Evaluate the expression.

log_{9} √9

log_{5} 0.2

5^{log5 19}

e^{ln }

11 |

ln(1/e)

sally1 Jul 9, 2014

#5**+5 **

The point here, sally1, is that we don't * need* a calculator for ANY of them....!!! We're just using some log properties to evaluate them.....here's the second one....

2) log_{5} 0.2 ..... this one looks tricky, but let's remember something...that 0.2 = 2/10 = 1/5

And we can write 1/5 as 5^{-1 } (remember that ??)

So we have.......

log_{5} 5^{-1} and by a log property, we can bring the -1 out front ..... and we have.....

(-1)log_{5} 5 ....and log_{5} 5 = 1 ...so we have....

(-1)(1) = -1

3) These used to give me trouble...once you see the 'trick,' it's easy......let me give you an example...let's say we have

2^{ log2 4 }

Note that log_{2} 4 just asks..what power do we need to raise 2 to to get 4??? The answer is 2

So we really have

2^{2} = 4 Note that this was just the last number in the original exponent!!!

In general when we have .....a ^{loga b} the answer is just "b".....this is one you may have to think about a little bit!!!

So.....in your problem 5 ^{log5 19 } ...the answer is just "19"

4) e ^{ln √11 } Note that there is a little "e" implied here we can write this as

e ^{lne √11 } And we have the same situation as the previous problem!!!

The answer is just "√11"

Lastly

5) ln (1/e) = ln (e)^{ -1} and by a property of exponents we can bring the -1 to the front

So we have

(-1) ln e and ... ln e = 1 ... so we have

(-1)(1) = -1

And that's it!!!

_{ }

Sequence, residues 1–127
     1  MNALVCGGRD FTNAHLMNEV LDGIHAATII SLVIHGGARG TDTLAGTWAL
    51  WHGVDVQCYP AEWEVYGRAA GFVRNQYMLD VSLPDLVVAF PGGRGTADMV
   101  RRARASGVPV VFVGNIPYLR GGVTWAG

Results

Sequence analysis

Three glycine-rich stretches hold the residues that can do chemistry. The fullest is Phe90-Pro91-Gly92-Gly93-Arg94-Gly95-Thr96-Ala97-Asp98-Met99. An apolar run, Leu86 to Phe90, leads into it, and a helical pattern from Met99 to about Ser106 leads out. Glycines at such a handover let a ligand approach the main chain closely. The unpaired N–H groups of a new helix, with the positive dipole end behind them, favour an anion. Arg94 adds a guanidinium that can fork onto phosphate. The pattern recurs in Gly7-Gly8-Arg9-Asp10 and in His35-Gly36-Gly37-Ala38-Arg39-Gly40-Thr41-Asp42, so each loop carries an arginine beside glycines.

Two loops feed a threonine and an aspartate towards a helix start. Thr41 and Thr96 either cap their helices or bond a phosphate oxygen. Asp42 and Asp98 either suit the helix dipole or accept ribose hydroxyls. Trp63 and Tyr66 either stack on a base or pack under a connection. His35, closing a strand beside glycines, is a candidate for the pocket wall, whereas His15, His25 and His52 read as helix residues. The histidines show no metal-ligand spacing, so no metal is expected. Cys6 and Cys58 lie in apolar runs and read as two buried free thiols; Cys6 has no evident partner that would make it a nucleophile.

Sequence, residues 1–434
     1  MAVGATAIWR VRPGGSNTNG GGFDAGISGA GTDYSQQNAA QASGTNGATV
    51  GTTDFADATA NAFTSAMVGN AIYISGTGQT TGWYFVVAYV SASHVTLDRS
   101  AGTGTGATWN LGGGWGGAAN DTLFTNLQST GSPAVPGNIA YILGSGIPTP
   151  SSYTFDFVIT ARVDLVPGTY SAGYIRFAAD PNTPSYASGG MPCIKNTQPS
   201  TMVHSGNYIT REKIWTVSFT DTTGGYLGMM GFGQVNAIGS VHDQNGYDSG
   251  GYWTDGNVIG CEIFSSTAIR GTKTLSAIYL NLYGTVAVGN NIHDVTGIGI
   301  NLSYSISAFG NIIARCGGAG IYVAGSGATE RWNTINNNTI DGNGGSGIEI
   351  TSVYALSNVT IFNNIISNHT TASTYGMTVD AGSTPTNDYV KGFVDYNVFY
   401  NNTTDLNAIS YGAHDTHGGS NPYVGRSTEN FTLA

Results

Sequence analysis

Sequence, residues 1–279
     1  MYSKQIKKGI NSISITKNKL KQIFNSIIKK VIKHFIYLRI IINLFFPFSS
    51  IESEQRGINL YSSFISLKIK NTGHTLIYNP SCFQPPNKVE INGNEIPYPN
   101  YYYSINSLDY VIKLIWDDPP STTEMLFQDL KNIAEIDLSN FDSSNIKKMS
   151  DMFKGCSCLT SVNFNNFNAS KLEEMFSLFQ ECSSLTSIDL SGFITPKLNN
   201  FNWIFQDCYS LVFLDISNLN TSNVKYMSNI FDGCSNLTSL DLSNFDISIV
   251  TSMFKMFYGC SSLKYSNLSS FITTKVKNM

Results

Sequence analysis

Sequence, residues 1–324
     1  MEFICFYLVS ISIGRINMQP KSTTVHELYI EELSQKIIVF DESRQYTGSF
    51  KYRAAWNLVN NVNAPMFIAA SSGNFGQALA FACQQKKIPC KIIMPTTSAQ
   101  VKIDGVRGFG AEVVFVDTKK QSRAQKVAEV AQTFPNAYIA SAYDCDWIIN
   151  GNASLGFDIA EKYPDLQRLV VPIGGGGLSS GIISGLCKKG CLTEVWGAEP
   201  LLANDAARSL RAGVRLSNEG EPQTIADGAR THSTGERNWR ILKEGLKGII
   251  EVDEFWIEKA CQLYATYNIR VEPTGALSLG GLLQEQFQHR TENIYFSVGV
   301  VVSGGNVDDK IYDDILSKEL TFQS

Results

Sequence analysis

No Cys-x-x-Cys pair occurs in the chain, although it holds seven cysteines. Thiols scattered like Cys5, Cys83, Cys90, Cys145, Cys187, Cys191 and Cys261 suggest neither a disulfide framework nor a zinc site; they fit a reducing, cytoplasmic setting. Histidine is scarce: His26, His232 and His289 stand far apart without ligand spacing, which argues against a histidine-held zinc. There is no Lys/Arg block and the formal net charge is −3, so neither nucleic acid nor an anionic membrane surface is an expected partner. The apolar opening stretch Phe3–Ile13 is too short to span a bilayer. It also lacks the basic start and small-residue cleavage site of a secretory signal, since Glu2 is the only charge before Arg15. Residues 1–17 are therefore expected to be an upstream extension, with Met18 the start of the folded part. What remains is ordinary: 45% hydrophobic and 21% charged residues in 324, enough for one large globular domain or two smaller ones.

CPhill Jul 9, 2014

#1**+5 **

1) Note that √9 = 9 ^{1/2} ....so we have...

Log _{9} 9 ^{1/2} .... and by a property of logs, we can bring the 1/2 in front of the expression..so...

1/2 Log _{9} 9 .....and Log _{9} 9 = 1 ....so we have

1/2 * 1 = 1/2

CPhill Jul 9, 2014

#2**0 **

For the log problems I'm trying to put it into the calculator but the answers are not coming out right.

sally1 Jul 9, 2014

#3**0 **

That's probably because you're trying to use base 10......most of these (like the first one, for instance) are using a different base.

CPhill Jul 9, 2014

#5**+5 **

Best Answer

The point here, sally1, is that we don't * need* a calculator for ANY of them....!!! We're just using some log properties to evaluate them.....here's the second one....

2) log_{5} 0.2 ..... this one looks tricky, but let's remember something...that 0.2 = 2/10 = 1/5

And we can write 1/5 as 5^{-1 } (remember that ??)

So we have.......

log_{5} 5^{-1} and by a log property, we can bring the -1 out front ..... and we have.....

(-1)log_{5} 5 ....and log_{5} 5 = 1 ...so we have....

(-1)(1) = -1

3) These used to give me trouble...once you see the 'trick,' it's easy......let me give you an example...let's say we have

2^{ log2 4 }

Note that log_{2} 4 just asks..what power do we need to raise 2 to to get 4??? The answer is 2

So we really have

2^{2} = 4 Note that this was just the last number in the original exponent!!!

In general when we have .....a ^{loga b} the answer is just "b".....this is one you may have to think about a little bit!!!

So.....in your problem 5 ^{log5 19 } ...the answer is just "19"

4) e ^{ln √11 } Note that there is a little "e" implied here we can write this as

e ^{lne √11 } And we have the same situation as the previous problem!!!

The answer is just "√11"

Lastly

5) ln (1/e) = ln (e)^{ -1} and by a property of exponents we can bring the -1 to the front

So we have

(-1) ln e and ... ln e = 1 ... so we have

(-1)(1) = -1

And that's it!!!

_{ }

CPhill Jul 9, 2014